$100 for an mATX case is also expensive, but I couldn't find another case on the market that I didn't hate the visuals on, that also had a thermal layout appropriate for 100% passive cooling. The Arc Mini R2 has vents/fan openings in both top and bottom AND has filters everywhere. This allows cool air to be drawn in through the bottom and hot air to be expelled through the top of the case through pure convection.

Initial thoughts: The ROG front base is ******* AWESOME for what I need it for. I can play with all sorts of undervolting/overclocking parameters and monitor everything right through the front panel in real time. When this thing moves to the living room, it will be nice to tell at a glance how the hardware is doing.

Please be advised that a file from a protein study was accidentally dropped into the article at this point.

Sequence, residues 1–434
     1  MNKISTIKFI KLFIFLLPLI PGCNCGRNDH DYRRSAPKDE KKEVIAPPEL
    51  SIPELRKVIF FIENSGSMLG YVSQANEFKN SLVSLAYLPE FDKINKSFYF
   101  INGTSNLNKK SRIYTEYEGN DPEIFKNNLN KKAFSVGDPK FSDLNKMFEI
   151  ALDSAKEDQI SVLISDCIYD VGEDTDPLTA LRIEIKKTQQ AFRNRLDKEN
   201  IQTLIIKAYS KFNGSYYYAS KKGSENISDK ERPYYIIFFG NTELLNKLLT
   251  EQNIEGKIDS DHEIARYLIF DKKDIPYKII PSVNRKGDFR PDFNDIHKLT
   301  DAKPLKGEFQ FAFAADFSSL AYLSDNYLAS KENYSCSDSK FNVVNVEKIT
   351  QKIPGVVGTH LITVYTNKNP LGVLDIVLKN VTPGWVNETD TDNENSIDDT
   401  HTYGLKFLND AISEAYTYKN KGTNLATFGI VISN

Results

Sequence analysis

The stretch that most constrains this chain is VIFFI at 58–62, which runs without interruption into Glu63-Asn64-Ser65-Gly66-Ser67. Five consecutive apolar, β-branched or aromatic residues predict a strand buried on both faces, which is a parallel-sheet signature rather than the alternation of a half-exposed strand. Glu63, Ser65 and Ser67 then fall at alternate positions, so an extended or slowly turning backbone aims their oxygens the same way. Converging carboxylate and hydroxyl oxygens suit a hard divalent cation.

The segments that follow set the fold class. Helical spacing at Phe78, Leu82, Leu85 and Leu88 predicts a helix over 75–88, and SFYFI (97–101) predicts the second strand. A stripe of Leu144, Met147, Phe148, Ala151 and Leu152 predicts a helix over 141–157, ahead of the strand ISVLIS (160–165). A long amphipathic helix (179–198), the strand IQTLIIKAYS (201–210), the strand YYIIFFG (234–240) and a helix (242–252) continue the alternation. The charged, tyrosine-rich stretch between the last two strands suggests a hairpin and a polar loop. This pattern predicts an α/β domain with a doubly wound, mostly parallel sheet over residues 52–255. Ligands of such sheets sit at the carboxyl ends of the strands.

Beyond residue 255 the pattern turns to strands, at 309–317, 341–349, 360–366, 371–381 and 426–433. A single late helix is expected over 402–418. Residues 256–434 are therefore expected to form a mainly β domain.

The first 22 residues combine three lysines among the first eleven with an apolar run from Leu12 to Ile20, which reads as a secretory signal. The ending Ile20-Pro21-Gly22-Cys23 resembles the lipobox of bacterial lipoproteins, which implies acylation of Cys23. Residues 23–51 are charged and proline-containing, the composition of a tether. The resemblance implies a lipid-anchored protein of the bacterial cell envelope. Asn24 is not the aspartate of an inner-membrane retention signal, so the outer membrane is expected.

I don't care what all of the haters say. The 970 strix is an amazing card. Silence performance for the vast majority of the time, with the horsepower to push Star Citizen on my 1600 x 1200 monitor past 60FPS.

I didn't go with the 980/4790 combo, as the idle/load power consumption was quite a bit higher, which is very important for the silent goals of this build.

If there is enough interest, I'll post some results on just how far I can push this rig without thermals getting to where fans are needed. Even when pushing this thing to the limit on Star Citizen, all of the fans stay below 50% duty cycle (which is still EXTREMELY quiet on the fans I chose).